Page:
§ Mr. Robin F. Cook (Edinburgh, Central)
I beg to move amendment No. 1, in page 2, line 5 at end add—`(3A) The Secretary of State shall lay before each House of Parliament a copy of any advice relating to the economic and social development of rural areas tendered by the Development Commission under subsection (3) above.'.Before I deal with the substance of the amendment, I should like to refer to a letter that the Minister has sent me since the Committee stage in which he has generously corrected a slight misrepresentation of the state of the law in relation to loans from the Development Commission to shop properties in rural areas. When the Minister replies to the amendment, will he put on the record of the House what he said in that letter so that we may correct the Committee record and thus leave no doubt about the position? I think that the truth has turned out to be halfway between what I thought it was and what the Minister thought it was. I am quite happy to call quits on that basis.
The amendment is modest and would oblige the Government to publish advice that they receive from the Development Commission relating to the social and economic development of rural areas. I believe that the amendment is now more desirable and more necessary than when I first tabled it a fortnight ago, because in the interval I requested the Library to carry out a trawl of literature and articles on social and economic development in rural areas. Both the Library and I were surprised and mildly distressed to discover how meagre is the available literature on the social and economic development of rural areas. I am increasingly fortified by that experience in suggesting that the amendment will go some way to plug what is at present an obvious gap in the market.
It would appear that those hon. Members who represent rural districts with social and economic problems of development do not share the same compulsion as those of us who represent the urban areas to communictate these problems by way of written article and written pamphlets, but the absence of literature does not imply that there is not a problem of social and economic development in those areas.
Deprivation may have a different meaning in the rural areas from the urban areas, but, nevertheless, it is very real. It is particularly severe in the more remote areas, where the phenomenon of social disintegration has become identified, where there is a decline in population, particularly of young people, and where, as a result of that decline in population, there is a decline in services, be they commercial services or public services such as schools, which in turn leads to a vicious circle as the decline in the services and amenities drives away an even greater proportion of the population and thus reinforces the decline in the services available. I can sympathise with that pattern because, although I represent a different type 690 of constituency, it has a problem of declining population resulting in a decline in services to local residents, which in turn makes it less attractive as a residential area.
I am glad that the hon. Member for Truro (Mr. Penhaligon) has taken his place for the debate. I recollect that in Committee the hon. Gentleman and I had a mild disagreement of emphasis on the importance of public transport services. After I had berated the Government for endangering public transport services, the hon. Gentleman suggested that the issue was perhaps not of such keen concern to his constituents because most of them had been obliged to purchase private motor cars.
Although the hon. Gentleman and I may have differed in emphasis, we would not differ over the fundamental importance of public transport services for those members of a household who are deprived of the use of a car because another member goes to work. Nor would we disagree that the cost of maintaining private transport to offset the decline in public transport services in rural areas imposes an additional burden on households in rural areas, which are very often on low incomes. Poverty in rural areas is often caused by those on lower incomes having to face the higher costs of coping with the deprivation of living in remote areas.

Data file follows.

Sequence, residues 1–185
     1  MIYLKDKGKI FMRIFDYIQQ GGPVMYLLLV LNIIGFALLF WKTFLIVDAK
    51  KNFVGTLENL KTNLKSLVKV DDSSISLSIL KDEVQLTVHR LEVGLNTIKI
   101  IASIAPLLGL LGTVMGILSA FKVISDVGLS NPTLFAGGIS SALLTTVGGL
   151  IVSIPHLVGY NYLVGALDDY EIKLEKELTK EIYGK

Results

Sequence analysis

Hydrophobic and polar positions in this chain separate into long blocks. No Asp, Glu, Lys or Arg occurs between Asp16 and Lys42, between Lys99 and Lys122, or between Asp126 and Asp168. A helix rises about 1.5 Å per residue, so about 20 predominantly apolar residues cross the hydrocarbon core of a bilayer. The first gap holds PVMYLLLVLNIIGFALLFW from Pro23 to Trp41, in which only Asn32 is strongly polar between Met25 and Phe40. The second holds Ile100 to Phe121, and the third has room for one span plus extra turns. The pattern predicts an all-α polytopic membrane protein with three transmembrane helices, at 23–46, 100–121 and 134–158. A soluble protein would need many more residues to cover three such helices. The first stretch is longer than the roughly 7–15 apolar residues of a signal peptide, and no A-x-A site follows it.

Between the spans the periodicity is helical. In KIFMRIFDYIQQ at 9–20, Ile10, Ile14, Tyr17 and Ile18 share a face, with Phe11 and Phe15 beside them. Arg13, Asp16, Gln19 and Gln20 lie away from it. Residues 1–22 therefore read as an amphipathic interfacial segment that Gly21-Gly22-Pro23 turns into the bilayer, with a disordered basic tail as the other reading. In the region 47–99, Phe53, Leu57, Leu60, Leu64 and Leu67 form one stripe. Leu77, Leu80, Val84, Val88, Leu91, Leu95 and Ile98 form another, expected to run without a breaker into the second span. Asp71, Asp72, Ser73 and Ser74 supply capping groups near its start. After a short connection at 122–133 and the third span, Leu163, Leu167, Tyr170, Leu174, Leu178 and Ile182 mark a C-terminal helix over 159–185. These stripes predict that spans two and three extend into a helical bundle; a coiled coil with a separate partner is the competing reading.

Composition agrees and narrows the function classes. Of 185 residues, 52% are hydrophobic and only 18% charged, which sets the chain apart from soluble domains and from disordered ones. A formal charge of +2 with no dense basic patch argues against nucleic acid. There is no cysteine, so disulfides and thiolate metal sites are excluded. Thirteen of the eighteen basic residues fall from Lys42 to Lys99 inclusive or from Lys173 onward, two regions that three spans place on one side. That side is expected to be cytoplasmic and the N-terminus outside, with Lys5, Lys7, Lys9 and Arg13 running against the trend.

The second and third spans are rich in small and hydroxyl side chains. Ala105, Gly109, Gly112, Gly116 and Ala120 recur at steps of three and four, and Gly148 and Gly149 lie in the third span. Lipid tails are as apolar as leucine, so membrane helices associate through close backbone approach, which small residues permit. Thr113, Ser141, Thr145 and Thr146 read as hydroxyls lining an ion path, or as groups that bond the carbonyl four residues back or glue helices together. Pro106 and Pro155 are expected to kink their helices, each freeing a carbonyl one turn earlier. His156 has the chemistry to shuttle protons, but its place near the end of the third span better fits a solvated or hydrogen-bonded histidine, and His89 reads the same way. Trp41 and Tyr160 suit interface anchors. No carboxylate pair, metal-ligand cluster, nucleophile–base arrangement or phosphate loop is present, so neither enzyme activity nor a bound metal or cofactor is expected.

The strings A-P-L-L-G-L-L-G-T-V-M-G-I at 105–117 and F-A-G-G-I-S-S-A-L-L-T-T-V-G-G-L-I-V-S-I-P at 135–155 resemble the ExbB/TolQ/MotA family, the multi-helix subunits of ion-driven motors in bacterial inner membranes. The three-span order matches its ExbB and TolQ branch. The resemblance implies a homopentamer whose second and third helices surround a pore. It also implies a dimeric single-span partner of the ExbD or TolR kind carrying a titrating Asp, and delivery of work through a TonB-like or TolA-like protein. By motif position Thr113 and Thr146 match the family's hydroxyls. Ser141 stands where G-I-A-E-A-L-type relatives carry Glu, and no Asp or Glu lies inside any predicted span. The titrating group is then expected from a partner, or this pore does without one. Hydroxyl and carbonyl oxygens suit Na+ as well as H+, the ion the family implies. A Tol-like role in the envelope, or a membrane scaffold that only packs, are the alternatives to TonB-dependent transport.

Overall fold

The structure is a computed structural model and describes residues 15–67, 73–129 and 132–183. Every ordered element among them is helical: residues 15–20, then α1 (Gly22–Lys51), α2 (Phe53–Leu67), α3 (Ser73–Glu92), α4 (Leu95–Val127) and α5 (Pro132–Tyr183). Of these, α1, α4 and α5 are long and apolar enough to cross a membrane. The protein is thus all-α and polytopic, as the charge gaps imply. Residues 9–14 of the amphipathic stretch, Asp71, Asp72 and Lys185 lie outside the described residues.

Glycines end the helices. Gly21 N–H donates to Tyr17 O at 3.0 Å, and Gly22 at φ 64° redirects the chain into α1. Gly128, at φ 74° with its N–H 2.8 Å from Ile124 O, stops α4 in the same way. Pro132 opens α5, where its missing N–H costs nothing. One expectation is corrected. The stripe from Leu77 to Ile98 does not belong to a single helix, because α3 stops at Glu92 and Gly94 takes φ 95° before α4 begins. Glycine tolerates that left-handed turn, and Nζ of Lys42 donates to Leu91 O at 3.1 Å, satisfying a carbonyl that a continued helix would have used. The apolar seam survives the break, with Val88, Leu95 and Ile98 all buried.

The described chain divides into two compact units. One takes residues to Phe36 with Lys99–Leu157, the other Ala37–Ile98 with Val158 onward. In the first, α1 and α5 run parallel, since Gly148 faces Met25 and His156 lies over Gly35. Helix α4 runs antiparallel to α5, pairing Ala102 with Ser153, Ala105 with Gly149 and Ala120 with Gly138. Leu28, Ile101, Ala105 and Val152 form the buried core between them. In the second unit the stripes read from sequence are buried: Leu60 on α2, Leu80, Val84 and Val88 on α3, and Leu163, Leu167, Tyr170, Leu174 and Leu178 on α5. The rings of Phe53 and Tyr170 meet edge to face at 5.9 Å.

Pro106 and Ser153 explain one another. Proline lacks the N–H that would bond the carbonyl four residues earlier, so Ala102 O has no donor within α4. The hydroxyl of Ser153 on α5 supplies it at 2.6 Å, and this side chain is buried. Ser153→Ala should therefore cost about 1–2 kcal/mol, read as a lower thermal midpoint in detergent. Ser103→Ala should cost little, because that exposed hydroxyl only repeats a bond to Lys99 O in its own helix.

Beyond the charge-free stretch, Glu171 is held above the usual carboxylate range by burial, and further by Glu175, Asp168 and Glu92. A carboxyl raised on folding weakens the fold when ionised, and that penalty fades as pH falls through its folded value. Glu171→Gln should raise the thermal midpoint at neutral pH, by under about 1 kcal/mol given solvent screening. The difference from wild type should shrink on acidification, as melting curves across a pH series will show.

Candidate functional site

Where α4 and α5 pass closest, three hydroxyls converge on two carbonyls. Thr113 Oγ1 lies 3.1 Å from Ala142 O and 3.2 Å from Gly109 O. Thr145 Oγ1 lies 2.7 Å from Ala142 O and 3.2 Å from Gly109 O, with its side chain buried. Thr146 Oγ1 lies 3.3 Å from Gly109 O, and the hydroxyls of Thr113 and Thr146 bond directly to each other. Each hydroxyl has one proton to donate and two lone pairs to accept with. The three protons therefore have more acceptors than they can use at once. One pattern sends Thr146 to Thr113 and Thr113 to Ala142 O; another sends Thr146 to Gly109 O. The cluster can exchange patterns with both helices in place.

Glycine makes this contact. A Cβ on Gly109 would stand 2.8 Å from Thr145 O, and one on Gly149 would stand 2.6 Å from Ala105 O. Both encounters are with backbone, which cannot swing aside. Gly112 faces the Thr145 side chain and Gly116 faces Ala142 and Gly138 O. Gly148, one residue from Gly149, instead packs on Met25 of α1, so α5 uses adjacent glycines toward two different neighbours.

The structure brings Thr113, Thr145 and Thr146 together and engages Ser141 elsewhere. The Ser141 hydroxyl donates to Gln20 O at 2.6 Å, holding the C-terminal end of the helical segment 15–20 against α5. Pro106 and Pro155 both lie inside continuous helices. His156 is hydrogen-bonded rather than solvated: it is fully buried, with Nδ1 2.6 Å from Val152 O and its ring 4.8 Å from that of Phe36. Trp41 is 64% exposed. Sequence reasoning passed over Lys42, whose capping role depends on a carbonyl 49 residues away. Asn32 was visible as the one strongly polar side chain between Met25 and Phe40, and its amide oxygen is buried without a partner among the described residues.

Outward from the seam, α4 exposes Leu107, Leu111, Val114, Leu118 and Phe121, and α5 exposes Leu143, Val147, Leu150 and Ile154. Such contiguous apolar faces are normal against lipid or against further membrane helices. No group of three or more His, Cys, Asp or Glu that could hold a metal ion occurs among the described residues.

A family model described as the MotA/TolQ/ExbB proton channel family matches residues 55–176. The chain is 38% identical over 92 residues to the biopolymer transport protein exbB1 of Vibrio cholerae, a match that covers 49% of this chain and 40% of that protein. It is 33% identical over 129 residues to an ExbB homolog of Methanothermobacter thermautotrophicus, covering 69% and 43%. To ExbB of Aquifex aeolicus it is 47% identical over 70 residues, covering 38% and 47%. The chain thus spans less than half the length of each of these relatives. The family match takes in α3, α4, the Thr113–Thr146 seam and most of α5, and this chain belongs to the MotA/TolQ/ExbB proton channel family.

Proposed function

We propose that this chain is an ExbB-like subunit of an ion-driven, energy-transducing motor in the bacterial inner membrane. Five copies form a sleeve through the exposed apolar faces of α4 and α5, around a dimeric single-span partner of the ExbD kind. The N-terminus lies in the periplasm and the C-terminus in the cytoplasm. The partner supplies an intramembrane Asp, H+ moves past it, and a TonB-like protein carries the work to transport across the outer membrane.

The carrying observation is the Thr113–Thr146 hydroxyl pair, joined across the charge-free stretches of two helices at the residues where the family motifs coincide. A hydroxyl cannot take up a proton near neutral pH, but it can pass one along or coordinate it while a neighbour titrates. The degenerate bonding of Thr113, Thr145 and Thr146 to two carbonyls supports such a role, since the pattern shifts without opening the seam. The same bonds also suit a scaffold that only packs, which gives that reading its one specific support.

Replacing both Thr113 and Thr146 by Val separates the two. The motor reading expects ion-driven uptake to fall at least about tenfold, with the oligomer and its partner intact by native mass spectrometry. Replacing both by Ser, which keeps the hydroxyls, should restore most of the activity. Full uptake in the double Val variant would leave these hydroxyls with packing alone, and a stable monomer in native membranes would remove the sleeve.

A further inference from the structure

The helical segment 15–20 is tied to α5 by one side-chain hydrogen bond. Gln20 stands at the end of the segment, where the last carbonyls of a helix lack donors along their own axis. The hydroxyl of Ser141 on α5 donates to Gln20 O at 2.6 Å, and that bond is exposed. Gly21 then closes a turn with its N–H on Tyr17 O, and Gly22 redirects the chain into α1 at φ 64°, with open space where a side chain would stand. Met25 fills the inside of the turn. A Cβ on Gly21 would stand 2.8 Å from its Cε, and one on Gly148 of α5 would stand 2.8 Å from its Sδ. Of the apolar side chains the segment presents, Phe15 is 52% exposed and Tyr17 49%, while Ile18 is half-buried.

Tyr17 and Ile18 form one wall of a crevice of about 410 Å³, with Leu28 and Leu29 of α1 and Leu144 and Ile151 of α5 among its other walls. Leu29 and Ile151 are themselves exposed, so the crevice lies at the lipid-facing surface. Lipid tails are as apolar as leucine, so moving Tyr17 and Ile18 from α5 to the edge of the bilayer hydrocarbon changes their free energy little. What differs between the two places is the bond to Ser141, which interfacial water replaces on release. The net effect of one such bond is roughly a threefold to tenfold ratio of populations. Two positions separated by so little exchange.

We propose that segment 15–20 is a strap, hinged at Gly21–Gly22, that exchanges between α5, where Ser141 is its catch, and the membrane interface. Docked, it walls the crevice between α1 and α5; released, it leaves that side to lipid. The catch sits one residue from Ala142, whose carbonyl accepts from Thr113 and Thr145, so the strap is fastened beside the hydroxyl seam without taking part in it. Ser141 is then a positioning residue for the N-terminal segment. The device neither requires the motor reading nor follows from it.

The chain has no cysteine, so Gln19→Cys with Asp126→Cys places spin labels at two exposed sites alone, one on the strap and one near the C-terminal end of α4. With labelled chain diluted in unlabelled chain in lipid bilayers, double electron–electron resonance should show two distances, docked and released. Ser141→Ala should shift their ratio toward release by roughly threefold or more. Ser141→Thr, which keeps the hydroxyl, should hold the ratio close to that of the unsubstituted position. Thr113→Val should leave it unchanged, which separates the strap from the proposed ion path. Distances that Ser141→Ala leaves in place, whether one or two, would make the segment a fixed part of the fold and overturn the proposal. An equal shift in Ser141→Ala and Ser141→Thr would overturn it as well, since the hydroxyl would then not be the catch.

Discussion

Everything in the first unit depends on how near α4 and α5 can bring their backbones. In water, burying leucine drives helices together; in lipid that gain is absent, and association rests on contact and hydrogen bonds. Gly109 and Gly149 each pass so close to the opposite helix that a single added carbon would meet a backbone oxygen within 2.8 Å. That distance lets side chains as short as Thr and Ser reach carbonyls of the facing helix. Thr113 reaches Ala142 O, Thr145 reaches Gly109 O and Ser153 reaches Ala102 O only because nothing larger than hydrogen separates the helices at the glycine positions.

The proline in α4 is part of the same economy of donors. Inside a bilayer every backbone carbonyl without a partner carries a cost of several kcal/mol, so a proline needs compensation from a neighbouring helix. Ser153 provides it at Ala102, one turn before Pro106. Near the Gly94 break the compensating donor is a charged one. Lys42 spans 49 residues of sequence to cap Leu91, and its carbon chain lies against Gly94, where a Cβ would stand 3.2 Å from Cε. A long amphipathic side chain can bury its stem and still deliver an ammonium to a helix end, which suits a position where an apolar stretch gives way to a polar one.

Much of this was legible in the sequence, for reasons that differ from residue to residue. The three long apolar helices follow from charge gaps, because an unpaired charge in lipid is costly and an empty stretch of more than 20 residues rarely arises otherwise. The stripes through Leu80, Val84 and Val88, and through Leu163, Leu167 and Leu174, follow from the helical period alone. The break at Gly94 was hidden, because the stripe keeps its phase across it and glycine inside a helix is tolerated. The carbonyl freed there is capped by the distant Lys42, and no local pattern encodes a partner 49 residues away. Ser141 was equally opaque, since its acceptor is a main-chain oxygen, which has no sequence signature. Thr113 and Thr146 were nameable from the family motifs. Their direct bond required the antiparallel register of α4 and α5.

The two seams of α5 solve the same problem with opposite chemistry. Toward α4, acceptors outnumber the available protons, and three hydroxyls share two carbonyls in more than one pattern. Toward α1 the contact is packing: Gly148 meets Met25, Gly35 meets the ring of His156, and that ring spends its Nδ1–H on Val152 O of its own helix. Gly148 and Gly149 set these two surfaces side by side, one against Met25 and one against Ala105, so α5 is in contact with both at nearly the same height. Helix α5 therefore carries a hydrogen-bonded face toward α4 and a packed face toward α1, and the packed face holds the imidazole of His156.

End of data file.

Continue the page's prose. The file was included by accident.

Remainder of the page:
As an urban dweller, and as one who represents an urban constituency, I must say that one of the fascinating aspects of rural society, when viewed from the strength of labour organisations in the city, is the remarkable contrast between farmers, who last year, according to the Government's White Paper, secured a 45 per cent. increase in income, and farm workers, who secured a 6 per cent. increase and are rightly and properly seeking this year to remedy that position.
The Development Commission is excellently placed to monitor the problems created in the rural areas by issues of social and economic underdevelopment. It is excellently placed to note the problems of poverty and of coping with those higher costs. It is excellently placed to note the decline in public services such as transport and education and to monitor how that affects local communities. It is excellently placed to advise the Government on those issue and those aspects of life in the rural areas.
In Committee we tried to insert into the Bill a provision which would specifically charge the Development Commission with tendering that advice to the Secretary of State. The Minister advised us—I felt at the time that it was paradoxical advice, and I am still of that opinion—that to insert such a specific written instruction would weaken rather than strengthen the right of the Development Commission to do it. As reasonable members of the Committee, we wished to expedite the procedure and we accepted that advice. Nevertheless, having resiled from our original position that we should insert in the Bill a specific charge on the Development Commission to advise the Minister, I think there would be merit for the House to take the precaution to state in the Bill that any such advice must be published.